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A project of Jazz Appreciation Month, KNKX and Jazz24 celebrate highly regarded jazz creators who continue to inspire.

Saxophonist Charles Lloyd's music benefits from deep introspection

Charles Lloyd performs at the New Orleans Jazz and Heritage Festival on Saturday, April 28, 2018, in New Orleans.
Amy Harris
flickr/public domain
Charles Lloyd performs at the New Orleans Jazz and Heritage Festival on Saturday, April 28, 2018, in New Orleans.

If you find yourself with physical knots that need untying, you might seek out a good massage therapist. If mentally you’re craving some therapeutic sounds, the NEA Jazz Master Charles Lloyd can help.

Any of his albums on the ECM label would suffice; one called Notes from Big Sur always does it for me. There’s a suite on it called "Pilgrimage to the Mountain," where Anders Jormin begins with a couple of minutes bowing the bass, and then Lloyd’s tenor sax rolls in like the fog, as if it was one of the natural elements along that stretch of the California coast: the wind in the redwoods, the waves on the shore.

This music, like all great music, speaks for itself, but I appreciate it even more for what led up to it.

Lloyd was born in Memphis in 1938, in a big house – large enough that his parents rented out rooms for artists passing through for concerts. So Lloyd met many impressive jazz stars when he was young. He wanted to play the sax from the age of three. At nine his parents finally relented, and he played that sax everywhere – even in the bath tub.

Pianist Phineas Newborn became Lloyd’s mentor, encouraging lessons, which led to gigs with some major blues figures: Howlin’ Wolf, Bobby Blue Bland, B.B. King and others. Lloyd eventually headed to L.A. to study classical music at USC, while simultaneously immersing himself into the West Coast jazz scene.

In 1960, Lloyd took Eric Dolphy’s place as music director of Chico Hamilton’s group, which proved to be a fertile lab to compose and find his own voice as a saxophonist and flutist. Four years later Lloyd joined Cannonball Adderley’s sextet, and just a year after that formed his own powerhouse quartet, with Keith Jarrett, Cecil McBee, and Jack DeJohnette. Their second release together was a famous live album capturing a 1966 performance at Monterey, called Forest Flower. That was one of the first jazz records to sell a million copies.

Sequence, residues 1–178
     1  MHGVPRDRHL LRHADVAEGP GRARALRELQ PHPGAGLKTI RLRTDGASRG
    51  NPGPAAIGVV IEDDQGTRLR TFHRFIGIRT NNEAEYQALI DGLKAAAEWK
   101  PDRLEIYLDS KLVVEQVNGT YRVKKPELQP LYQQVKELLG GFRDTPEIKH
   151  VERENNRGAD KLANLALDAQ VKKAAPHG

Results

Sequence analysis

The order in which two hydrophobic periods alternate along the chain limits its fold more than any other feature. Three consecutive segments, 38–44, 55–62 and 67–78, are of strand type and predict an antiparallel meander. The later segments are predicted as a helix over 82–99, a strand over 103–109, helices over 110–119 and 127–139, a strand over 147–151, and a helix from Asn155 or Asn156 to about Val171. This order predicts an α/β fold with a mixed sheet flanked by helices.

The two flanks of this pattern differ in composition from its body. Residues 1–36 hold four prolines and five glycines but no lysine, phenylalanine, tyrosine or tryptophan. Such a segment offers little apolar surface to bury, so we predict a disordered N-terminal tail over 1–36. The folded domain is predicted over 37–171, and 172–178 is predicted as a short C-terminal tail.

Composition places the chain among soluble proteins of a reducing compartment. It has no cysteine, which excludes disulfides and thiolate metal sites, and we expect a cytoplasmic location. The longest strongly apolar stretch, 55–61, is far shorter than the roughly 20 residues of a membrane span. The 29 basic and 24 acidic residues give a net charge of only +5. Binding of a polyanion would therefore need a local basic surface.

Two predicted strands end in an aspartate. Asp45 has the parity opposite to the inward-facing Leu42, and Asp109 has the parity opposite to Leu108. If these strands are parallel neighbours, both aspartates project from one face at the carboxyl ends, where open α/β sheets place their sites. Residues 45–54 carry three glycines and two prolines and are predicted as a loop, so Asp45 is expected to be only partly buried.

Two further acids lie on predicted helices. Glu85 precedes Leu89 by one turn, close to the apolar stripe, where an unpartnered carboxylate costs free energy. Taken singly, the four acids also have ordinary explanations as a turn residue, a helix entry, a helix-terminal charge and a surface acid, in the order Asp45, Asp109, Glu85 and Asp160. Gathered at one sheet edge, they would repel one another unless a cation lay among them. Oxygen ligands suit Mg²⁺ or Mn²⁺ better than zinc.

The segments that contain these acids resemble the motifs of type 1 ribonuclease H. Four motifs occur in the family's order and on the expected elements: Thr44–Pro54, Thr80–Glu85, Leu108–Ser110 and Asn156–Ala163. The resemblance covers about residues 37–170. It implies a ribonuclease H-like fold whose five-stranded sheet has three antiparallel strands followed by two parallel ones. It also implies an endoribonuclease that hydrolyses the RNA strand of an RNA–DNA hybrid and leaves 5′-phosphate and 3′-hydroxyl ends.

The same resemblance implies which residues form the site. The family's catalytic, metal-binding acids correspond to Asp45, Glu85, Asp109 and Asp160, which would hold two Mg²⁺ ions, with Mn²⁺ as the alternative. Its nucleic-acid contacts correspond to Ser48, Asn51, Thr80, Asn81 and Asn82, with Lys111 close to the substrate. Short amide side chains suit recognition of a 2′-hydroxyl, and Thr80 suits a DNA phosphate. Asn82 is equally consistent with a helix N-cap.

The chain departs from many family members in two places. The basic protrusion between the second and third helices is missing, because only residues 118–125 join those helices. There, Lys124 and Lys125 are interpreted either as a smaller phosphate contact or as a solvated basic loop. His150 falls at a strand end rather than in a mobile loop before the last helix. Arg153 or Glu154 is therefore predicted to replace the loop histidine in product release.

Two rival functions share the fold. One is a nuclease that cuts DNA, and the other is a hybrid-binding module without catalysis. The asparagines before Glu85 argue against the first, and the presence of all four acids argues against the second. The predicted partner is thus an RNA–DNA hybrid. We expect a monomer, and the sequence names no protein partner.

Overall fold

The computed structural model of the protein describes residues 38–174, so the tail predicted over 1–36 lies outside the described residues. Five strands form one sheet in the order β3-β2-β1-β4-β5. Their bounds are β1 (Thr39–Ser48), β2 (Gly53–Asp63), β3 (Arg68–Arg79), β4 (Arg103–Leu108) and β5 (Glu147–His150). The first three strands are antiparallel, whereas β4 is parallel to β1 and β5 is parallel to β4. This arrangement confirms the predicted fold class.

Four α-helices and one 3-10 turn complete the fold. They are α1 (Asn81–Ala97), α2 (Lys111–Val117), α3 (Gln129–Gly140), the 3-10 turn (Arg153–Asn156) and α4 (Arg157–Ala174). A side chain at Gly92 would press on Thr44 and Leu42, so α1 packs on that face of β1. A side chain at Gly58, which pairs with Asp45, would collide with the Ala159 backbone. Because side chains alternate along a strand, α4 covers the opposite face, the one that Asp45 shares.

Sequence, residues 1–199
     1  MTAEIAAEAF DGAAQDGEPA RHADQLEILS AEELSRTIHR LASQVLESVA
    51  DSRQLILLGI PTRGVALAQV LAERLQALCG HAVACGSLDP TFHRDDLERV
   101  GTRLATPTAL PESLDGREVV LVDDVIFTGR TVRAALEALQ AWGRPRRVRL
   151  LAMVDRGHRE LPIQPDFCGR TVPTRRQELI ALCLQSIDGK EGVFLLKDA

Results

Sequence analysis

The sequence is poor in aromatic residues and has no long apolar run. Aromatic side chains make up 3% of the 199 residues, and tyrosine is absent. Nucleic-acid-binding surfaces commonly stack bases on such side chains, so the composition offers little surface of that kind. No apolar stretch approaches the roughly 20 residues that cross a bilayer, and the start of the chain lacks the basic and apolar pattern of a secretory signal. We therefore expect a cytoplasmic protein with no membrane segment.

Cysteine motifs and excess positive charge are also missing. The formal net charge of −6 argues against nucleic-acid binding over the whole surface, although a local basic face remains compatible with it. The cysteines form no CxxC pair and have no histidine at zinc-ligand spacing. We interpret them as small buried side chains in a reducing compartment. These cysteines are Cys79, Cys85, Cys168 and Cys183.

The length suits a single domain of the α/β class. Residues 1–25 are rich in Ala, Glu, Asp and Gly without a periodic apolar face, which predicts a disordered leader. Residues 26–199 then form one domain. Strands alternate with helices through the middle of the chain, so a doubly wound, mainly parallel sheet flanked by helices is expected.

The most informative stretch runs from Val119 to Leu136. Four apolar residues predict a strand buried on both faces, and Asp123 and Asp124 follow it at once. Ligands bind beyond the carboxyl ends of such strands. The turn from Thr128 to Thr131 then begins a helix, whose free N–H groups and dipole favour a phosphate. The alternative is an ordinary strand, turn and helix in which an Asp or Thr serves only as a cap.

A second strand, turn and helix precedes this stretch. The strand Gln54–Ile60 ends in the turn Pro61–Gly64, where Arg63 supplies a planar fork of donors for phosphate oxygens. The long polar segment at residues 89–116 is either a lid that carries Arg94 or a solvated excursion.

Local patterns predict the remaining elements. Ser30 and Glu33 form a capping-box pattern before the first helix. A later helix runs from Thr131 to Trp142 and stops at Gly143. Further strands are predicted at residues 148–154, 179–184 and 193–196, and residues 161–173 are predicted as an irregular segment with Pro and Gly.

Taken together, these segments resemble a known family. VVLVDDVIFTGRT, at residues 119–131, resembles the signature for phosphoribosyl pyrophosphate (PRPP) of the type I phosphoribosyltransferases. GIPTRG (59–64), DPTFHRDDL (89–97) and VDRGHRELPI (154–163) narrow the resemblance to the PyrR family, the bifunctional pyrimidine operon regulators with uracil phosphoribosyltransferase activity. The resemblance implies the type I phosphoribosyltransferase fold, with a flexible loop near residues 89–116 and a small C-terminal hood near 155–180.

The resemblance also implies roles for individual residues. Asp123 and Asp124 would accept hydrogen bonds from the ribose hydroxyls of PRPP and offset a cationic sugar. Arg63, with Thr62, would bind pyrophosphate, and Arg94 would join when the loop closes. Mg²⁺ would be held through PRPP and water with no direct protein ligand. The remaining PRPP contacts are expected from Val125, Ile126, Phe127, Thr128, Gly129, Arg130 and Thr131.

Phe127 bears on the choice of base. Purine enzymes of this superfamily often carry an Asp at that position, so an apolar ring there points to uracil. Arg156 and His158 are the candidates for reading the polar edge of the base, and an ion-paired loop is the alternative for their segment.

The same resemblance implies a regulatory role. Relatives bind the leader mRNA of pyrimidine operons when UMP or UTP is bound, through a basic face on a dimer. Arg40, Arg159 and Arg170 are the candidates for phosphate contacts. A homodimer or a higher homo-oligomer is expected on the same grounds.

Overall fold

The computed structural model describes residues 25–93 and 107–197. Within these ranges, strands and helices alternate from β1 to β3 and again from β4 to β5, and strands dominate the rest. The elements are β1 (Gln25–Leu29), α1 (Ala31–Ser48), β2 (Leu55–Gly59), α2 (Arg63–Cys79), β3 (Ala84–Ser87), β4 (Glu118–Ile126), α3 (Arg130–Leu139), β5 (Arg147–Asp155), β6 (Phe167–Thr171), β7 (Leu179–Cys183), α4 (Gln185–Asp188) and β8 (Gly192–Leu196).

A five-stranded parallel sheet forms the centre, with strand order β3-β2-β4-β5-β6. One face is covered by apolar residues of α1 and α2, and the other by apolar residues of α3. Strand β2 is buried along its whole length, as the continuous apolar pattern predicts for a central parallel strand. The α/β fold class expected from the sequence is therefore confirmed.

That incarnation of the Charles Lloyd Quartet had crossover success, getting airplay on FM radio. Lloyd appeared on recordings with the Doors and the Beach Boys. All that exposure and popularity was matched by critical acclaim.

Lloyd was voted “Jazz Artist of the Year” by DownBeat in 1967, and his quartet toured all over the world – and I mean all over. At the height of the Cold War, Lloyd’s group was the first from the U.S. to play at various cities in the Soviet Union.

But with his career ascending, Lloyd pulled the plug on the quartet in 1970 and stepped out of the jazz scene altogether, initiating a phase of deep introspection at Big Sur.

It took more than a decade before Lloyd was compelled to step back into the jazz ring. What triggered it? An 18-year-old French pianist, Michel Petrucciani, arrived at Big Sur, and Lloyd realized their musical relationship could be something special. It was. Here’s Lloyd playing the Chinese oboe, along with the young Petrucciani at the 1983 Copenhagen Jazz Festival:

A later quartet featured the Swedish pianist Bobo Stenson. Yet another – under the group name The Marvels - includes guitarist Bill Frisell. In 2022, Lloyd gifted us with a series of CDs called Trio of Trios – all featuring different sidemen at various venues.

One last recommendation: The 2002 double CD Lift Every Voice was Lloyd's response to the 9/11 terrorist attacks. At the time it was hard to imagine an artist coming up with a more appropriate salve. Here’s a sample, with the late Geri Allen at the piano:

The vast majority of Lloyd’s contributions over the decades are his own compositions, but considering his stature, not much of Lloyd’s work has been covered by others. I can’t help but think a lot of musicians have come to the conclusion that Lloyd’s music is so decidedly his – that it’s probably better left that way.

Carl Pogue fell in love with radio ever since getting a degree in the field over three decades ago. He’s spent his entire working career at commercial and public stations, with stops in Portland, San Diego, as well as NPR’s furthest affiliates on the Micronesian islands of Guam and Saipan.